Samsung (NASDAQOTH:SSNLF) is gearing up to launch its newest premium smartphone, the Galaxy Note 9. Unlike smartphone competitor Apple (NASDAQ:AAPL), Samsung typically releases three form factors on two distinct dates: a flagship and larger Plus version usually in the first quarter and the "phablet" Galaxy Note version before Apple's regular September iPhone release date.
Once considered a threat to Apple's iPhone, the most recent iteration of the Galaxy -- the S9 -- has been a disappointment. Although the company is tight-lipped on sales, analysts expect Samsung to ship 31 million units this calendar year. While that figure is significant, it pales in comparison to Apple's 41.3 million units shipped in its most recent quarter alone (fiscal third quarter 2018), typically regarded as Apple's weakest for iPhone sales.
The question for investors is whether the newest Galaxy Note can reverse the company's fortunes. If a recent leaked video is any indication, probably not. However, Samsung could have a secret plan to keep growing its profits.
Samsung's goal may not be smartphone profits...directly
The selling point for the Galaxy Note 9 is storage. A leaked video recently showed the company is planning to offer a version with 512 gigabytes of internal memory; Samsung subsequently confirmed the video's authenticity. Additionally, Note 9 users can increase this figure to 1 terabyte with expandable storage. As a comparison, 512 gigabytes is more than double the figure of Apple's largest iPhone X and more than many versions of Apple's MacBook.
Although Apple and Samsung are the only major premium smartphone vendors, the product has become less important to Samsung's bottom line in recent years. Last fiscal year, the company increased its operating profit 83%, from 29.24 trillion Korean won to 53.65 trillion, with all of that growth generated by the company's device solutions business, which includes the semiconductors and display panels used in computing devices -- including smartphones.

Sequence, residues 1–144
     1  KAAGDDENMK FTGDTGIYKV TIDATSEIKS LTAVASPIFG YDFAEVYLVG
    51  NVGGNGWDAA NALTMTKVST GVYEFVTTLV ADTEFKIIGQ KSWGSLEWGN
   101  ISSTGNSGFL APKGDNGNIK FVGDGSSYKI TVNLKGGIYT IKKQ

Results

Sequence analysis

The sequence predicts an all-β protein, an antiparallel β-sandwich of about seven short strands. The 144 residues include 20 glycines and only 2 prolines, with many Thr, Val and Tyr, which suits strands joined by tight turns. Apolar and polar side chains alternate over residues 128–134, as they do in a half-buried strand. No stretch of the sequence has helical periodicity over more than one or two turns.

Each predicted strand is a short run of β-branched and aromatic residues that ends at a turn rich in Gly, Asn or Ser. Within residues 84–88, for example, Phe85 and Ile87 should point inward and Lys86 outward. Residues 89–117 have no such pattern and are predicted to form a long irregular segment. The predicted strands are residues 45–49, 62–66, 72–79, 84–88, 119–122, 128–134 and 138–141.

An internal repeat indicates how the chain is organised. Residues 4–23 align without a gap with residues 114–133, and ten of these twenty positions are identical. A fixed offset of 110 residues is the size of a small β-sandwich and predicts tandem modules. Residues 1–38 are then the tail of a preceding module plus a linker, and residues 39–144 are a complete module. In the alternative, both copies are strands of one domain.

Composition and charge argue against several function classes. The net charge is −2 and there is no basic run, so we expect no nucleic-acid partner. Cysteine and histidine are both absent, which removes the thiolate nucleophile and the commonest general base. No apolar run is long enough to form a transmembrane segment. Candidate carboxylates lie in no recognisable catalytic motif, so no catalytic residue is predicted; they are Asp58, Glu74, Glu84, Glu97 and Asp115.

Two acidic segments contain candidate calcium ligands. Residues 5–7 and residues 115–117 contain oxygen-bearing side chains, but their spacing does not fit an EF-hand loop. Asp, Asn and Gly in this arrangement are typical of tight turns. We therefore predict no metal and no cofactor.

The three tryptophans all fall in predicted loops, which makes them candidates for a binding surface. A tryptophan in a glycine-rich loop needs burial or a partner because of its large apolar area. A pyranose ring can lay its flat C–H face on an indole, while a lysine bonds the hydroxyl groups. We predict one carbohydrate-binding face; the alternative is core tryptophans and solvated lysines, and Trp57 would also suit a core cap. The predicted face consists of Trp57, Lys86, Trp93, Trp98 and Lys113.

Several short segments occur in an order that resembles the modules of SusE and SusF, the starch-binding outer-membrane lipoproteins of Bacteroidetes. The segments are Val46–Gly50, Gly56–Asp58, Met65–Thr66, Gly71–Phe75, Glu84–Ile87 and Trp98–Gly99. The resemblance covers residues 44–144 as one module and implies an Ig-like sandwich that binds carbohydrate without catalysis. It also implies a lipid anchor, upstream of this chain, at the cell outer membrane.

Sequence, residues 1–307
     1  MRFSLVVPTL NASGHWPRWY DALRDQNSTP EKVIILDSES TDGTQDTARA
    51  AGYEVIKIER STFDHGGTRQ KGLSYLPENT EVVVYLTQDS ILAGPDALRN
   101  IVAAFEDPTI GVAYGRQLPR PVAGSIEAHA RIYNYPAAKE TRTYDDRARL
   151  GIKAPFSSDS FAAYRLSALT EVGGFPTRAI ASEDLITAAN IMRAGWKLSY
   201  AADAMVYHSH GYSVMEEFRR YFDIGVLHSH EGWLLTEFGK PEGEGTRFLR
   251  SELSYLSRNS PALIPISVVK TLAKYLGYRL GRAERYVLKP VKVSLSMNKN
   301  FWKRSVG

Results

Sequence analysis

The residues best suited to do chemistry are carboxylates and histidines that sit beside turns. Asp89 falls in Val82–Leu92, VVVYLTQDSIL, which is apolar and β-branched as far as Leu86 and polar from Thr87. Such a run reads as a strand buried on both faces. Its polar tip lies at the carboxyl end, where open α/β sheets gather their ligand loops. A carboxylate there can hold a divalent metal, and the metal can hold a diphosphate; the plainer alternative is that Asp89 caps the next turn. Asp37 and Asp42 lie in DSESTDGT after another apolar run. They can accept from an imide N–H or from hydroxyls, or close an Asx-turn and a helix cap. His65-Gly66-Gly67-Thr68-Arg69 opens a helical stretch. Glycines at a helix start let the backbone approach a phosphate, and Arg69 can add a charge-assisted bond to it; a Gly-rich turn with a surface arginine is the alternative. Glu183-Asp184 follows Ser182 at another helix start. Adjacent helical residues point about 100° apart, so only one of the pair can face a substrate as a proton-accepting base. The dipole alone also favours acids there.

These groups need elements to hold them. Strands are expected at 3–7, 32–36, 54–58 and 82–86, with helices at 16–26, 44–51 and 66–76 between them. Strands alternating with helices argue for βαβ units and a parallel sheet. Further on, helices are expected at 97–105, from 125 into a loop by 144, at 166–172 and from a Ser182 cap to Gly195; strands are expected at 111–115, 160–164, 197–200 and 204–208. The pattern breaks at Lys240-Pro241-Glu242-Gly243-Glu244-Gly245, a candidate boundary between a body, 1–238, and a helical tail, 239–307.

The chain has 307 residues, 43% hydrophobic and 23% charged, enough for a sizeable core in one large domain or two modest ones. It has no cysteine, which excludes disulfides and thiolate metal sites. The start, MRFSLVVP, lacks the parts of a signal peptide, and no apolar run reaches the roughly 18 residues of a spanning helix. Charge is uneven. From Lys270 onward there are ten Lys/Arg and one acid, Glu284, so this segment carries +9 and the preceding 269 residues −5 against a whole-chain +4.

Therefore, Samsung has a vested interest in continuing to increase the average storage per phone across the industry to benefit from its true profit center. The Wall Street Journal found that Samsung made approximately $97 from every iPhone X unit sold on the new OLED display alone, with an additional $13 in other assorted parts and storage it supplied to Apple. Therefore, Samsung can continue to grow its bottom line simply by resetting expectations for higher storage and pricier displays.
Will it work?
Samsung's focus on storage would have been welcomed a few years ago. In 2015, the entry-level Galaxy Note 5 had 32 gigabytes of storage, which was more than twice that year's iPhone 6S iteration. Apple was criticized that year, as it was noted the iOS operating system itself needed nearly 6 gigabytes. Apple increased storage in the entry-level unit to 32 gigabytes the following year.
However, there has been a shift away from downloaded media as streaming video services like Netflix and Amazon Prime Video and streaming music options like Apple Music and Spotify have decreased demand for on-device storage. At the same time, manufacturers have been increasing this figure. Now, both Samsung's newest Galaxy S9 editions and Apple's iPhone X come with 64 gigabytes of storage at the entry level.
While it is my opinion Samsung's Galaxy Note 9 will not lead to a dramatic storage arms race, the company is likely to up the ante for other Android vendors looking to win market share. Even minor improvements would boost Samsung's bottom line: Resetting consumer expectations of entry-level storage from 64 gigabytes to 128 gigabytes would make its semiconductor division millions.
John Mackey, CEO of Whole Foods Market, an Amazon subsidiary, is a member of The Motley Fool's board of directors. Jamal Carnette, CFA owns shares of Amazon and Apple. The Motley Fool owns shares of and recommends Amazon, Apple, and Netflix. The Motley Fool has the following options: long January 2020 $150 calls on Apple and short January 2020 $155 calls on Apple. The Motley Fool has a disclosure policy.